In this sequel to Exo, hardened soldier Donovan Reyes tries to adjust back to his regimented military lifestyle after his run-in with insurgent group Sapience a few months ago. But his experiences are hard to forget – both those that made him question his unthinking loyalty to zhree rule and those with Anya, the rebel operative with which Donovan fell in love. Unfortunately, he won’t get much time to reflect. Not only is Sapience ramping up its terrorist activities, but zhree communications with the home planet have taken a dark turn. Though the zhree living on Earth have formed a close partnership with humans, ambassadors from their home planet see little value in maintaining the colony or protecting it from the dangerous invading race headed Earth’s way.
As much as I enjoyed Exo, it took me a little while to get into Cross Fire – but once I was there, I was totally hooked. I think the delay might be because author Fonda Lee spends the first few chapters of the book carefully aligning the dominoes of her narrative so that they fall just so once she’s ready to knock the first one over. And when the dominoes start to fall, Cross Fire, like Exo, is a knockout. As in the first book of the series, Lee’s recalibrating of traditional YA dystopian narratives continues to be a strength. The moral ambiguity and emotional complexity of the relationships between human and zhree in Donovan’s world allow a nuanced depiction of the fallout from colonization that complements the novel’s action-packed pace. (And while I may be showing my inner geek by nerding out about “nuanced depictions of colonization,” don’t let that fool you – there are a lot of awesome battle scenes and cool tech in Cross Fire, too.)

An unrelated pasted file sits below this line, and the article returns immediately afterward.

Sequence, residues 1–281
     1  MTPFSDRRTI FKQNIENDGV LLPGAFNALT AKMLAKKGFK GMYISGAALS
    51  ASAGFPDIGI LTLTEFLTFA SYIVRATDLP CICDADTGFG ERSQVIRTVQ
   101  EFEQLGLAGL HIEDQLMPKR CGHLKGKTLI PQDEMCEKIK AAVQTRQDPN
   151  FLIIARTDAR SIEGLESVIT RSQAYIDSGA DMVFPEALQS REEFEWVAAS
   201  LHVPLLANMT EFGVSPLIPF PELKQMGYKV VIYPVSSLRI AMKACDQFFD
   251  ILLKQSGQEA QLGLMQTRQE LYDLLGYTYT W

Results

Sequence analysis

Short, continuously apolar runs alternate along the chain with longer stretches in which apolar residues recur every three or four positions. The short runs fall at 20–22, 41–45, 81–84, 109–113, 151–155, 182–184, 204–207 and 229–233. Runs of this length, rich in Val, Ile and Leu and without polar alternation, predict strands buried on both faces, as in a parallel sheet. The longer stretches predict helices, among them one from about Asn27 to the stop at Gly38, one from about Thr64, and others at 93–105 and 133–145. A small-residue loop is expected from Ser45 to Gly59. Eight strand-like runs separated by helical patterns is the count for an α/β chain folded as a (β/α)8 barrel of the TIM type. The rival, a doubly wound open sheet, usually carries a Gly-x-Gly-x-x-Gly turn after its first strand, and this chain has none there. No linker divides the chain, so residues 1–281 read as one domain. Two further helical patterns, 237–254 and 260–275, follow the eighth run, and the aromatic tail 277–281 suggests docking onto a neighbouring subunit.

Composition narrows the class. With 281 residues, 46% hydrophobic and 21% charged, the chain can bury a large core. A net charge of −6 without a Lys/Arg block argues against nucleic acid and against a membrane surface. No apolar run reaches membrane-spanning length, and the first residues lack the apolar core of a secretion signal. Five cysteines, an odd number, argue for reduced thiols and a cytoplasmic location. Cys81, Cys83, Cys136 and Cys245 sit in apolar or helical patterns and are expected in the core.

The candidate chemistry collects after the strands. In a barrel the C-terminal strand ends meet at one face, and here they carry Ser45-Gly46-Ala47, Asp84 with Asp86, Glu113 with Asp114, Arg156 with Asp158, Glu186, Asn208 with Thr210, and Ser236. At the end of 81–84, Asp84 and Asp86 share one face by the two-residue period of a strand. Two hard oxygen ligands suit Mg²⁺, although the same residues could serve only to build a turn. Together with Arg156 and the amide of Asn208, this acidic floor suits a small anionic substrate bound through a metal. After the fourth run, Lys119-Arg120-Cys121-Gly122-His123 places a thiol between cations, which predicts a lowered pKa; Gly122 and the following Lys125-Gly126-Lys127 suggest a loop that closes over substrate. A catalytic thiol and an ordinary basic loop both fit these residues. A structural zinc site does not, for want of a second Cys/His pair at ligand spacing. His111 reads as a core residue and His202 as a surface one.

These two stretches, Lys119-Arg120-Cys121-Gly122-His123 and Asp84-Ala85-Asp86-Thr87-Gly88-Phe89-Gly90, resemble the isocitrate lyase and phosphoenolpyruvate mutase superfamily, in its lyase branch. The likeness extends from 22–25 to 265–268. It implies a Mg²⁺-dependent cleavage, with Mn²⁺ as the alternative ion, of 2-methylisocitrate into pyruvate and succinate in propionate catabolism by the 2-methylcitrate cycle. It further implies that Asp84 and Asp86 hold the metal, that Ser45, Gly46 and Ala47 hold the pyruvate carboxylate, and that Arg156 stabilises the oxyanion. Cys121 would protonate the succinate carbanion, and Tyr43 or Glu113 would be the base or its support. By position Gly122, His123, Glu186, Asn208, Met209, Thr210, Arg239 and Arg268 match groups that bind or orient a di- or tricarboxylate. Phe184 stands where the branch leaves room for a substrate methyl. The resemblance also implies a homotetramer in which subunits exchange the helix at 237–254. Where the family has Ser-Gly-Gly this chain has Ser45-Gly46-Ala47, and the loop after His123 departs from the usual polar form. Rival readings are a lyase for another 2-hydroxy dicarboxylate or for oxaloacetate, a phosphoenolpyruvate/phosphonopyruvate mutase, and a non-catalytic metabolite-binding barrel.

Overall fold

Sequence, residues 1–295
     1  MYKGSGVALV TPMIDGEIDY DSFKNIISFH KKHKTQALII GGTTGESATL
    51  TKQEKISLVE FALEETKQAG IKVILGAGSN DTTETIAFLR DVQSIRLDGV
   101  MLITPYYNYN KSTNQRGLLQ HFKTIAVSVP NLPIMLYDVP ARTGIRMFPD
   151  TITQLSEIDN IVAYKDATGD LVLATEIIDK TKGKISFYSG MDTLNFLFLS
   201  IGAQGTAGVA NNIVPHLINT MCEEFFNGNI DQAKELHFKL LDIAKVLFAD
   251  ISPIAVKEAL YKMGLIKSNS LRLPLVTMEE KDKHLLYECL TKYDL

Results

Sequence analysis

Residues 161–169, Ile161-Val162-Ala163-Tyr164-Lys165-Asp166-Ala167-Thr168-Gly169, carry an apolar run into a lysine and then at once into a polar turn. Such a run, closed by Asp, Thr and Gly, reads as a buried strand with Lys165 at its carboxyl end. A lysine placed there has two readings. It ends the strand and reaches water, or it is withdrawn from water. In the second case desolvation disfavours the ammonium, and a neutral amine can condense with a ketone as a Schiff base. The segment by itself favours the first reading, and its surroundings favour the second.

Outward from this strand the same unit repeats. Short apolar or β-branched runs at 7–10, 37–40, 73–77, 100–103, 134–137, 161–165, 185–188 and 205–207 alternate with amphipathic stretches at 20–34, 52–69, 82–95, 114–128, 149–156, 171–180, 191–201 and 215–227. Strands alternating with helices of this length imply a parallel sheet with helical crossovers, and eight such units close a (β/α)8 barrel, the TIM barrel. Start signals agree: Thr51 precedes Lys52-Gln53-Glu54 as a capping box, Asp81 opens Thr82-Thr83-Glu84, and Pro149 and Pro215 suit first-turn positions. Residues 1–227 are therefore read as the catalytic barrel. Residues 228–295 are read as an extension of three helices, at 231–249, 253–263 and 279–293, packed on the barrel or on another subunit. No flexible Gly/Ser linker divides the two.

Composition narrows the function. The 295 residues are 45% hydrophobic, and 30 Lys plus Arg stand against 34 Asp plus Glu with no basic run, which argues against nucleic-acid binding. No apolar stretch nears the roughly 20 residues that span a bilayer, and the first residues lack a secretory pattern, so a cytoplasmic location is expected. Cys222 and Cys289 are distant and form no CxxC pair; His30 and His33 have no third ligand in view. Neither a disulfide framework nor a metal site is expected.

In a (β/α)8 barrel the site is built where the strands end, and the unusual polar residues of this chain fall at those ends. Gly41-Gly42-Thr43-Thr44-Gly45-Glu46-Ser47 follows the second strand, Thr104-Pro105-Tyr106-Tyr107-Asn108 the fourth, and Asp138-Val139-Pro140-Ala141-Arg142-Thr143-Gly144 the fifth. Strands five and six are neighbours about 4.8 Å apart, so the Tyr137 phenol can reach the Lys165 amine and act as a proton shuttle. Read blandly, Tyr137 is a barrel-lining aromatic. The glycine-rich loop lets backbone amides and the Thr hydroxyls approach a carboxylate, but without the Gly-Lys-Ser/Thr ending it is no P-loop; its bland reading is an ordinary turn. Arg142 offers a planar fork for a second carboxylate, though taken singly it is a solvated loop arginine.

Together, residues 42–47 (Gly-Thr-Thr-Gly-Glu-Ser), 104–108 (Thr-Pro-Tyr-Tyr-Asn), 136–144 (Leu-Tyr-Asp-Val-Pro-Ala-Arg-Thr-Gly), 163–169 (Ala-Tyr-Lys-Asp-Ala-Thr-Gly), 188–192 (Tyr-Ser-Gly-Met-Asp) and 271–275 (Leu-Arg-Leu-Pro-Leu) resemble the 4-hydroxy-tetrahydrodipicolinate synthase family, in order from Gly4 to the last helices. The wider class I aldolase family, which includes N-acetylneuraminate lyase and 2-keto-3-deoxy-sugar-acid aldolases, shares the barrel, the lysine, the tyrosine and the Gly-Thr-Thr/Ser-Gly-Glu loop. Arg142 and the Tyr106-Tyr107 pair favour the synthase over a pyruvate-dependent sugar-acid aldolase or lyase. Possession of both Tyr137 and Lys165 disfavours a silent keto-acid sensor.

I also appreciated that, like The Hunger Games, Cross Fire doesn’t shy away from the realities of war. They may just be teenagers, but Donovan and his comrades are also real soldiers – and this isn’t one of those books in which every young soldier miraculously emerges from combat unscathed. Plus, I’m a firm believer that any book with cool battles and neat weapons also has a responsibility to show the human cost of those battles and weapons; Cross Fire does that.
Just about the only thing in Cross Fire that left me feeling “meh” was Donovan’s romance with Anya. Their alliance is vital for the progression of the plot, but their scenes together always fall a little flat for me. To be honest, Donovan has bucketloads more chemistry with his (male) SeaPac partner, Jet, than he does with Anya… but while I would be very down for the series to take that turn in the next book, I’m not holding my breath. Then again, Lee has surprised me before – so you never know! One thing is for sure: Whatever happens next, I will definitely be reading.
A copy of this book was provided by the publisher, Scholastic, for review.